The idea was to have Cook take on an Obi-Wan-Kenobi type of role with the team. 

“We figured it’s the perfect role for him,” Drost said. “Assistant Coach Greg Snyder and I could hammer out the details of our game plans and Cooker could mentor the kids and share his wisdom with them. They all know and respect him – he’s a Mira Costa legend.”

Team Captain Ben Coordt dedicated the win to his dad Brett played on a Mira Costa team that lost in the finals in 1989. Photo by Ray Vidal

Team captain Ben Coordt, the outside hitter who had several key kill shots Friday night, said Cook’s return provided an emotional lift for the team because most of them had worked with him previously.

“Having him come back and work with us in the gym was a real thrill,” Coordt said. “Just his presence and his knowledge gave us a big advantage with strategy and tactics.”                         

Clearly, it worked. Costa, after splitting its season series with Newport Harbor, was able to beat them when it mattered most by a score – 25-14, 23-25, 25-13 and 25-21 — that wasn’t nearly as close as you might expect of two teams that appeared evenly matched coming into the championship game.

And there was another hidden factor working in Costa’s favor: two of its most important players — Coordt and all-around glue guy Kyle Johnson – have fathers who played for Mira Costa back in the day. Brett Coordt was in the Mira Costa class of 1989 and Brad Johnson in the class of 1984.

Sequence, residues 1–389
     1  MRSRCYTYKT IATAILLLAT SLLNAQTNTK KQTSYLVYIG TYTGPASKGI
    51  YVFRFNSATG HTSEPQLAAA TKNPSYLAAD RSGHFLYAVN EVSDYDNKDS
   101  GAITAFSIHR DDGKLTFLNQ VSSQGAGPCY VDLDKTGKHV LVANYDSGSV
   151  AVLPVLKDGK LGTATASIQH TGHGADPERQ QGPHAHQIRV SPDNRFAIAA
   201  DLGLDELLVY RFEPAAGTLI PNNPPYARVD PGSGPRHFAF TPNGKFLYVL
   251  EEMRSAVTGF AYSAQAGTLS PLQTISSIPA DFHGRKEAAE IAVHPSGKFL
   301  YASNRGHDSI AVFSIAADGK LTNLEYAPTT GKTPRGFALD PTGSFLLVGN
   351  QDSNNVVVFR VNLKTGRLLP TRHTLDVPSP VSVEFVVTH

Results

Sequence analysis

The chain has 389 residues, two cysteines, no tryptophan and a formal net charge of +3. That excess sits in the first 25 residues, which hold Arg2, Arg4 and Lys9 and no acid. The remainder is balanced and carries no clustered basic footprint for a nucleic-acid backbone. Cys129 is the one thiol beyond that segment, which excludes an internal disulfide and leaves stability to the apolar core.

“That was the best part of winning this title,” Coordt said. “My father was on a team that lost a CIF Final. So after this game I gave him a big hug and told him we won it for him. He wanted this victory as much as I did.”  

Austin Stuard. Photo by Ray Vidal

For the seniors like Coordt, Friday night’s win was especially satisfying for another reason: they were members of the 2019 Mustang team that lost to Newport Harbor in that year’s CIF title game.

“We lost in four sets that year,” Drost said. “It was one of four times they beat us that year. Newport Harbor had a truly incredible team. They were undefeated.”

Although they tried not to let outside factors distract them as they prepared for Friday night’s game, Coordt said the memory of the 2019 title game loss stuck with him.